In 2019, the Central African Republic had an average population density of 8 residents per km2, but the population is unevenly distributed, with a strong concentration to the western parts, while the eastern is very sparsely populated.
According to Countryaah, 41 percent of the population lives in cities. The capital Bangui is the clearly dominant city with 734,400 residents (2013). Other cities include Bimbo (267 390).
For information on life expectancy and other demographic statistics, see Country facts.
The population of the Central African Republic is made up of some 20 ethnic groups, most of whom feed on hake farming supplemented by hunting and river fishing. Cassava is the base crop, and is also grown for its own use corn, peanuts and millet. The largest groups are gangs (236,000) and related groups in the central parts of the country, baya or gbaya (256,000) in the west, and the culturally closely related nzakara (65,000) and azande (81,000) in the southeast. Banda and baya traditionally lived in acephal communities, while nzakara and azande formed the kingdom under the leadership of the respective bandiya and avongar dynasties.
In the south, along the Oubangui River, ngbandi, a smaller group of fishermen and traders, lives, among others. includes sango (422,000), whose language has become lingua franca in the country and is now national language. The traditional religion of these peoples is based on faith, and witchcraft plays an important role – even if the majority are nominally Christian.
In the country’s southwestern forest area live smaller bantu groups, as well as acapygmies (about 20,000), which feed on hunting and gathering. Other, little-known pygmy groups also live within the country’s borders, such as buraka (3,300), banziri (1,800) and gundi (14,000).
In the north, various Muslim groups live, among others. Runga (28,000), whose political loyalty is primarily to local Sultans. Large areas in the north-eastern part of the country are virtually uninhabited as a result of slave hunts from the Principality of Bornu, Bagirmi, Wadai and Darfur in Chad and Sudan in the 18th and 19th centuries. Around Bambari and Bouar there are groups of mbororofulanians (56,000), who are Muslims and feed themselves as nomadic herdsmen.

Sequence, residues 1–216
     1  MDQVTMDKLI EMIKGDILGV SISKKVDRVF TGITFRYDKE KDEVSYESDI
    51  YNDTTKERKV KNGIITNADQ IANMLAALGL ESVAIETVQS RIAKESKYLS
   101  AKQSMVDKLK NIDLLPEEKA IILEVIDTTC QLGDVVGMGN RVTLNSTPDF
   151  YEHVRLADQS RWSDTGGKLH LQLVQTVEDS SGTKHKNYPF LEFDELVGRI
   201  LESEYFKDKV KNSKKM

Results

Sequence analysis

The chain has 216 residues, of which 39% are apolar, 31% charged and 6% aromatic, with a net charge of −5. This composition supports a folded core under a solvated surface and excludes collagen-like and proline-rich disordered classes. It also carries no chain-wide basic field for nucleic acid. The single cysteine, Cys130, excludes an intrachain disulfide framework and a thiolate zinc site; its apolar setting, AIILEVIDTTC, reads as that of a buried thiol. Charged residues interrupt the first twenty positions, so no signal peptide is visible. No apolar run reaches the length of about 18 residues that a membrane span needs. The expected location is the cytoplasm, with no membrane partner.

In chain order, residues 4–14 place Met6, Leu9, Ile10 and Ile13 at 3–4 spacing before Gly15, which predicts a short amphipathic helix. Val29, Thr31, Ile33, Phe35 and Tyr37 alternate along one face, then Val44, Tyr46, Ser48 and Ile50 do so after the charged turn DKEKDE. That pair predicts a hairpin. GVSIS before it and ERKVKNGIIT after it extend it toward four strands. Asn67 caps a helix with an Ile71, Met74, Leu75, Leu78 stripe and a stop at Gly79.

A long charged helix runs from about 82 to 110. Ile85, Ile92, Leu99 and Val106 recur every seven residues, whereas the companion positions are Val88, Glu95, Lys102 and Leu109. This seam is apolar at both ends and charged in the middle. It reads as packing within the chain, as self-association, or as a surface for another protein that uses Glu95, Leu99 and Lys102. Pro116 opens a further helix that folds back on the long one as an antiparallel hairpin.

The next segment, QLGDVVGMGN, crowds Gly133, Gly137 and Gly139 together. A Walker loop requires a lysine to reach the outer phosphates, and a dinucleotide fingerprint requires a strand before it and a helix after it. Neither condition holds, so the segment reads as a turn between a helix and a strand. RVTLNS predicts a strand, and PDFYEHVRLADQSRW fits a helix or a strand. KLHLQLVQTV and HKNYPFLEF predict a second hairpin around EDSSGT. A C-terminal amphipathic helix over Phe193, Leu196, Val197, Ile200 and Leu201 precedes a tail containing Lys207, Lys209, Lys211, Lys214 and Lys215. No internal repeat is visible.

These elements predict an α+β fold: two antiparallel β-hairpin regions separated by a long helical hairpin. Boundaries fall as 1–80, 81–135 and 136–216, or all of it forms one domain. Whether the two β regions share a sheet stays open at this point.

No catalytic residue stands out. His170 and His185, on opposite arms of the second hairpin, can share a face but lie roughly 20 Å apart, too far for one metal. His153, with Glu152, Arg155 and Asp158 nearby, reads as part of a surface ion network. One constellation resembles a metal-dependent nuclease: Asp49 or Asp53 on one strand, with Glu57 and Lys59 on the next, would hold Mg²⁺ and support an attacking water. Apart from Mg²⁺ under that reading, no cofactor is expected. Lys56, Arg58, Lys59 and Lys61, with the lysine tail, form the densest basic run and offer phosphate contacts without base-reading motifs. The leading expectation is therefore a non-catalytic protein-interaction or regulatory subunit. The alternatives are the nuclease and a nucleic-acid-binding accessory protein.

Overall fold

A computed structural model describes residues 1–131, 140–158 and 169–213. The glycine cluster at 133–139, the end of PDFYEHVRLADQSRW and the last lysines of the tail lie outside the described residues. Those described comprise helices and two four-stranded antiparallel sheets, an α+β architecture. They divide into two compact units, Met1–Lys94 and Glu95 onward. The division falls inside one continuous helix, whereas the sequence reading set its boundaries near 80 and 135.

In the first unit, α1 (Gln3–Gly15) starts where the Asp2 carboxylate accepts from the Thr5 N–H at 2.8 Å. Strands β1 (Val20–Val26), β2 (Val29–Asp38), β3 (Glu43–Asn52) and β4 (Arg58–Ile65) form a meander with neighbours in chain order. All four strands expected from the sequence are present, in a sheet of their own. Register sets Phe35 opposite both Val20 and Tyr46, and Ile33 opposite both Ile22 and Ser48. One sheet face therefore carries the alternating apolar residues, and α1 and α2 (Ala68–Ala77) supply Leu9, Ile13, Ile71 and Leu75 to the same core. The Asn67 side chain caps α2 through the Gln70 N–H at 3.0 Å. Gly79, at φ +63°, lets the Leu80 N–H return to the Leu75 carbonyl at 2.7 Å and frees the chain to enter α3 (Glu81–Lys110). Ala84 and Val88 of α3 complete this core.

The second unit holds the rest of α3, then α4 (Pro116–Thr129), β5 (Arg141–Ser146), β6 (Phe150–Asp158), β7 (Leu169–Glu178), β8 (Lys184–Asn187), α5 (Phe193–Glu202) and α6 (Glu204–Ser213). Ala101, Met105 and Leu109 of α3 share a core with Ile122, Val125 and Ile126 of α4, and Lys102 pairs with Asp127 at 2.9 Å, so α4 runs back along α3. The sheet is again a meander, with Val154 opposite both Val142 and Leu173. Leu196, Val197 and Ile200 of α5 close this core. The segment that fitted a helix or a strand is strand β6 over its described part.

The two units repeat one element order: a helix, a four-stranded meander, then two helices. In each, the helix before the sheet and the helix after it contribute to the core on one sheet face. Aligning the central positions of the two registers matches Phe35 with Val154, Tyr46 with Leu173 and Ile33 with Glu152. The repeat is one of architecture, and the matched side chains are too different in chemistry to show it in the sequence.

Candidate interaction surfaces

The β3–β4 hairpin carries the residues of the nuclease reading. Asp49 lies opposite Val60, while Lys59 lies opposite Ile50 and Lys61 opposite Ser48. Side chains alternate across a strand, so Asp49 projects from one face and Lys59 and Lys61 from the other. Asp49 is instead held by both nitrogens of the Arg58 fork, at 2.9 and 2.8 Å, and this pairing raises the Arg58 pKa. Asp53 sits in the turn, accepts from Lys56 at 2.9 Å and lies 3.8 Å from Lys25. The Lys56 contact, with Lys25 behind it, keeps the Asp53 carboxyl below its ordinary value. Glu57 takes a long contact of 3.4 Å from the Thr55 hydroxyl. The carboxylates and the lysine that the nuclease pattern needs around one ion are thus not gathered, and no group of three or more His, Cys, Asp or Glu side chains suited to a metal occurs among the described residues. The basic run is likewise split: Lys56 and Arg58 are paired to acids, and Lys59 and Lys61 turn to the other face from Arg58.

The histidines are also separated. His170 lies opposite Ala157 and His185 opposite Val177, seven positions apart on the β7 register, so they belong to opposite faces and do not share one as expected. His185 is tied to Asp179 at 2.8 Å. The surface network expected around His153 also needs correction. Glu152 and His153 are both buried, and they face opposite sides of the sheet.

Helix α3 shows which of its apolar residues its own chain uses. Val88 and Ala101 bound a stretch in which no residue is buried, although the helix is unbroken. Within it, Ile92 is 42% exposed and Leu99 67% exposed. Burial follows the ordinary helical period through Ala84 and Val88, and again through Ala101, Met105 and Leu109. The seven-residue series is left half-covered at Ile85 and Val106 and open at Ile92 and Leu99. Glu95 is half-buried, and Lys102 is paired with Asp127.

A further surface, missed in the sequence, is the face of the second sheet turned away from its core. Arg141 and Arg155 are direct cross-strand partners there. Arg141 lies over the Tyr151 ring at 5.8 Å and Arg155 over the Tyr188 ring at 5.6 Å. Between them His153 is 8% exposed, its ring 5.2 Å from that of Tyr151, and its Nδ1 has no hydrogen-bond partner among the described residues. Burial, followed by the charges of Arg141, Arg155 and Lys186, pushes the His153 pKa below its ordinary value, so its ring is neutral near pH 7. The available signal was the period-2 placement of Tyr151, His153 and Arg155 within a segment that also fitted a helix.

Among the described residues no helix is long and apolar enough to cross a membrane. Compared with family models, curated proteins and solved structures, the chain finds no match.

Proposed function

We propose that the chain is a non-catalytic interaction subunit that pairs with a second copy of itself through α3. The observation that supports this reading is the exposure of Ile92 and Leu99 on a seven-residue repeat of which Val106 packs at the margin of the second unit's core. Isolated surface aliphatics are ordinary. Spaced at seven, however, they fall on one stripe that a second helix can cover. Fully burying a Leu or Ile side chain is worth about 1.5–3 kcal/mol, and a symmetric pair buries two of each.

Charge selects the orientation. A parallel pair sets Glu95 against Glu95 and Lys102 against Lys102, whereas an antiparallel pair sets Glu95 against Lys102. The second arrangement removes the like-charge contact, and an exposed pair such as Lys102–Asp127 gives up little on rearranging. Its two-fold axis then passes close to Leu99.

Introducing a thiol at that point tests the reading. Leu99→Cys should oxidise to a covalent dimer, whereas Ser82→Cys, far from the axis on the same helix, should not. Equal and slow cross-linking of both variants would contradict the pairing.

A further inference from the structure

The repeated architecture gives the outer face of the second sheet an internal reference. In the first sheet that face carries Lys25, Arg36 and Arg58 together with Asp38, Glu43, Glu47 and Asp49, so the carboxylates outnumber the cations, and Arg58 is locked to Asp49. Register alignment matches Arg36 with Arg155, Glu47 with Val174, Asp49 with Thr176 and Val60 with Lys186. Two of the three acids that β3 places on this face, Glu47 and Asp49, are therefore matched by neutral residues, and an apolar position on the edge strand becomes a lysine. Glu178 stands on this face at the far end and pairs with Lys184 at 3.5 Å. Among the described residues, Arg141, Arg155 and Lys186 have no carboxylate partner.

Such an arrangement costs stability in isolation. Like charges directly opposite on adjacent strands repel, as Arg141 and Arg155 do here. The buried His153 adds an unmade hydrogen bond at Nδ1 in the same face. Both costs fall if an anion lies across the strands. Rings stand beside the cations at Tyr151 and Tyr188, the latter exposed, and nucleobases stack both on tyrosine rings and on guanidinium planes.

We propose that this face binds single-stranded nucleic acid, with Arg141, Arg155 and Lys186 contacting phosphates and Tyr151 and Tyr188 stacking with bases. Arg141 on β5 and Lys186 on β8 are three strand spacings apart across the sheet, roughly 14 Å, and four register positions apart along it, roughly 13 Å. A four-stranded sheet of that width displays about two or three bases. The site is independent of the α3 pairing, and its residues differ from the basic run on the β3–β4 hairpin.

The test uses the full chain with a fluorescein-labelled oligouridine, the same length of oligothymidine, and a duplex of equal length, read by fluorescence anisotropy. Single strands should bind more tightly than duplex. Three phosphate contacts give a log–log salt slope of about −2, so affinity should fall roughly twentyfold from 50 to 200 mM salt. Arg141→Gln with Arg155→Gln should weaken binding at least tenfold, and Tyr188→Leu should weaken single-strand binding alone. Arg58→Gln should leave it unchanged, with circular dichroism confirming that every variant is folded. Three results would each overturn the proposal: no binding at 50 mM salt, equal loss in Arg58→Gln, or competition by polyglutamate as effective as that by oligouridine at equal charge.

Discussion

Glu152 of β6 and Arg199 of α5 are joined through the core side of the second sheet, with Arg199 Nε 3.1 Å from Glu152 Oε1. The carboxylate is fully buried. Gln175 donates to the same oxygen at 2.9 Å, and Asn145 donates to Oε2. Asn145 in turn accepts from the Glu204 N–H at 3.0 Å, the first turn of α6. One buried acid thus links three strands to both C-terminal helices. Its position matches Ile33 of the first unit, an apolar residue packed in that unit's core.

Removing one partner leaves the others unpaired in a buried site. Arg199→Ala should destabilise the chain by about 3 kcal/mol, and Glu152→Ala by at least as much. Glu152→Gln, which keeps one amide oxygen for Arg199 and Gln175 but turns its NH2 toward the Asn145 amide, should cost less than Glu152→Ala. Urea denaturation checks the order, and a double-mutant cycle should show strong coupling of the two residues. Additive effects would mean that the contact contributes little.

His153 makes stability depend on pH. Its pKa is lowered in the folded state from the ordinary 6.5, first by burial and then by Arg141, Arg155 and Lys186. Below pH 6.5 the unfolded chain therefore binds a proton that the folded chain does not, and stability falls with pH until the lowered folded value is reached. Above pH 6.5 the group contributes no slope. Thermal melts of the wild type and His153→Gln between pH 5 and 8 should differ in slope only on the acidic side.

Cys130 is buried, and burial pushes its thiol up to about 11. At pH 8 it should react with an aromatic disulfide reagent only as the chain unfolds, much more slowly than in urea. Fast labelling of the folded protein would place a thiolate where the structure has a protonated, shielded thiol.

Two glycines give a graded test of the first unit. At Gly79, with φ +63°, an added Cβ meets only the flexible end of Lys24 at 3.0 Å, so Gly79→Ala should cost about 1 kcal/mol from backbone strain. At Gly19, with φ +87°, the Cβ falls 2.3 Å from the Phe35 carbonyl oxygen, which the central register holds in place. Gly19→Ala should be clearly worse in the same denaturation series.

In the cities, there is a significant element of Muslim immigrant groups from the north, primarily Arabs (100,000) from Chad and Hausa (32,000) from Nigeria. They are mainly engaged in trade and transport and to a certain extent dominate the economy at the local level.
In the Central African Republic, about 70 languages are spoken, most of which belong to the adamawa-unabridged branch of the Niger-Congo language. About fifteen languages belong to the Nilo-Saharan language family. Official languages are French and since 1991 according to the constitution also sango, which is a Creole language based on the Ubangi language ngbandi and commonly used as a lingua franca. Compare Ethnography above.
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In recent decades, the number of Christians has increased rapidly, and a clear majority of the population (about 50%) are now (1999) Christian, mainly Protestants. The number of Muslims is limited to about 15% (1999). President Bokassa’s transition to Islam in 1976 had no positive effect on the spread of Islam. Domestic religion is still practiced by a large part of the population even though they are nominally Christian.